“Meet Me Under Kaufmann’s Clock” was my first limited-edition print, and I signed each one in order as they were sold.  It seemed like every day the gallery would call and ask me to come by and sign more. On one occasion, I walked into the gallery to find a long line of customers waiting – each one holding a print! The framers in the back of the store playfully teased me that they were sick and tired of framing my print.

I was shocked! After all, it had only been a few months since I dropped off the original with the printer in Ohio, when I was a nervous wreck that the color on the print may not match the original. It was my first experience with a printer. Tom and I had driven 5 hours to get there, and it took what seemed like forever to try to get the print colors as close to the original painting as possible.

I remember calling my sister that night and confessing my fears about the print, how hard it was to color-match, and so on. To my surprise, she had just one request – that she wanted the #2 print in every edition from now on.  I asked, “How do you know there’s going to be a second painting?” She had more confidence in me than I did! Now, after all these years, she has the complete catalog of my art career, and I finally got some confidence!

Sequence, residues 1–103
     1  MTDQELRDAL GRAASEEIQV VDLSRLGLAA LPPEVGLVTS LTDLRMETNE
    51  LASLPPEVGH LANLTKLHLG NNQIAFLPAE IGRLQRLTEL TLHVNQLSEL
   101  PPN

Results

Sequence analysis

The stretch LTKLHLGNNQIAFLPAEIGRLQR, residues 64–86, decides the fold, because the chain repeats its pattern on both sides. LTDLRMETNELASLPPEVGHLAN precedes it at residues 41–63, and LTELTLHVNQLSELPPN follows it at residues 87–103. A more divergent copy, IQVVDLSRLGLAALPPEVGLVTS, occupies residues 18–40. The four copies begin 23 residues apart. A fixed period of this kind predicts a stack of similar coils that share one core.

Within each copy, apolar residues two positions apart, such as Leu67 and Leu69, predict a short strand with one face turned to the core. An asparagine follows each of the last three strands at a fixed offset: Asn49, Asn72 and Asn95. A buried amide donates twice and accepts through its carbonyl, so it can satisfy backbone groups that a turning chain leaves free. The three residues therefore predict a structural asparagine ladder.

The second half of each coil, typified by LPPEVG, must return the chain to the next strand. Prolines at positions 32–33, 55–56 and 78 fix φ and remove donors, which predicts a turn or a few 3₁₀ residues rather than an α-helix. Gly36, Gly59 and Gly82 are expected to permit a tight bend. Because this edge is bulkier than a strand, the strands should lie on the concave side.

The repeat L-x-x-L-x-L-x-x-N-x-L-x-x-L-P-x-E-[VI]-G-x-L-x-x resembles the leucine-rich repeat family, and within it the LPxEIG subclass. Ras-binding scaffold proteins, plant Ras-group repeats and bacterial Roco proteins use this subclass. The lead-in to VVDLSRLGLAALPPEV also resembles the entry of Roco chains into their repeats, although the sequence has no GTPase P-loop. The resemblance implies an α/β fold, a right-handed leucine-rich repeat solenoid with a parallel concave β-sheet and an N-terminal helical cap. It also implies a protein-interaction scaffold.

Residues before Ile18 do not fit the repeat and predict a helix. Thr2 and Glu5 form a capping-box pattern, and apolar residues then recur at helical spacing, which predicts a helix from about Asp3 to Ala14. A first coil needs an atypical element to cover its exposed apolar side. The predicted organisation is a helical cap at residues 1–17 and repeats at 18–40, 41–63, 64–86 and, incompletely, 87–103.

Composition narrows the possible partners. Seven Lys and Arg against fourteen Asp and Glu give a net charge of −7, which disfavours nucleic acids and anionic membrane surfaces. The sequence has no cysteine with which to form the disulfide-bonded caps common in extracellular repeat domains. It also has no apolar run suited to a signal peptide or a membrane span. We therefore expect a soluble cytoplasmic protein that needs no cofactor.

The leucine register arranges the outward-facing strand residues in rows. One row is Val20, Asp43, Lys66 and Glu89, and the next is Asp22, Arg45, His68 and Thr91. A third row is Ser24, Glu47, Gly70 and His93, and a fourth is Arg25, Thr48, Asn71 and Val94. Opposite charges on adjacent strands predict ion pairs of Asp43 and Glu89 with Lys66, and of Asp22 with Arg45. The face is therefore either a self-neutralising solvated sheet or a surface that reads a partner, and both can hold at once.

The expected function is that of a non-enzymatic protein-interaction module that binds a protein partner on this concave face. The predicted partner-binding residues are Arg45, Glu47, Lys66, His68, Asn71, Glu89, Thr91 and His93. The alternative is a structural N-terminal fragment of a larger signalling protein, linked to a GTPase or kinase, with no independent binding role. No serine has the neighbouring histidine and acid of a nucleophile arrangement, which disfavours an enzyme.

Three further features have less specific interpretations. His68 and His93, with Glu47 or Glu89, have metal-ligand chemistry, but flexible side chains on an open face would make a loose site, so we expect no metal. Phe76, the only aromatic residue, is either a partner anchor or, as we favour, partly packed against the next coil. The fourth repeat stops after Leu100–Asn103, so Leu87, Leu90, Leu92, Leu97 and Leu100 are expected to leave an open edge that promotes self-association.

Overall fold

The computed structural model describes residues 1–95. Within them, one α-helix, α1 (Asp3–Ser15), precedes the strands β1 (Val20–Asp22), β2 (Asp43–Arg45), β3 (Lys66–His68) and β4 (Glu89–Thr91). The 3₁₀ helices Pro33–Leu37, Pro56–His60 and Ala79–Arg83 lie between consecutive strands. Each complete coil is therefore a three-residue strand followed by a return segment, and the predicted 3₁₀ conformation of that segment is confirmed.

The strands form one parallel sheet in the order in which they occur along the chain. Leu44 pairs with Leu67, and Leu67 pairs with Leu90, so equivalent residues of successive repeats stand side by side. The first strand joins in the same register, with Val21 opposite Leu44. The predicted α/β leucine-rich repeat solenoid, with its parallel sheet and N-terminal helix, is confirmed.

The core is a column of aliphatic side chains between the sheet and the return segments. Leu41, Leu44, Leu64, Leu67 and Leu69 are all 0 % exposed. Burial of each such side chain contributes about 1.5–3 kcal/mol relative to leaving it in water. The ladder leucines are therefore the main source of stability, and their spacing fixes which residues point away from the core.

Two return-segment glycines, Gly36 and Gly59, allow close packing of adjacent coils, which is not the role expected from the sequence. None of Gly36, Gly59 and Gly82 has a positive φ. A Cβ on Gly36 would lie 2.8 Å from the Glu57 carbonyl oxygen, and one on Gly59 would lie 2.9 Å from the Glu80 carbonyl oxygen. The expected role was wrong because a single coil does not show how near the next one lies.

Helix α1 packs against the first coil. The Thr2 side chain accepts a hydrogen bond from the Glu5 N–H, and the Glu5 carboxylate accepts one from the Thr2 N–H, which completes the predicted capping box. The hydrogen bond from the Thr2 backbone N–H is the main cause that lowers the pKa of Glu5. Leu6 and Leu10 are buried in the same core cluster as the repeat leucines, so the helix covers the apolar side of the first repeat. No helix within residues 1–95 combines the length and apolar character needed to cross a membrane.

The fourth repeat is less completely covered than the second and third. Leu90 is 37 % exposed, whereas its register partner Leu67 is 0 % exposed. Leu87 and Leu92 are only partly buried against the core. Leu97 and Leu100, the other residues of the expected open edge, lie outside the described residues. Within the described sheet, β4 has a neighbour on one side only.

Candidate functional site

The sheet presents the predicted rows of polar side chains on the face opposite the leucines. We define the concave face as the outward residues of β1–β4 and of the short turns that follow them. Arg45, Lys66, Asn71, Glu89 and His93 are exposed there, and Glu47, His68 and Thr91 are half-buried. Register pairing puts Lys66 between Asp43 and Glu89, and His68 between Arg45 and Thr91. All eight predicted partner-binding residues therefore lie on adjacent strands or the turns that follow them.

Looking back at my first artist signing, Kustom Korners was nice enough to create a big event around it.  I was delighted to see that they had put my name up on the new electronic marquee outside of Northway Mall on McKnight Road.  I pointed out to Tom, “Look, my name is up in lights!” Tom’s dad used to say that I finally made the Barnicott name famous.

As I was sitting in the front of the gallery signing prints, a very tall man approached me, dressed in a business suit and beige trench coat.  With tears in his eyes, he explained that he needed to buy the painting because it reminded him of his mother, who had passed away.  “When I was a boy,” he said with a smile, “I felt so grown up when finally she told me I could run around town on my own, as long as I met her back under Kaufmann’s Clock at 1:00.”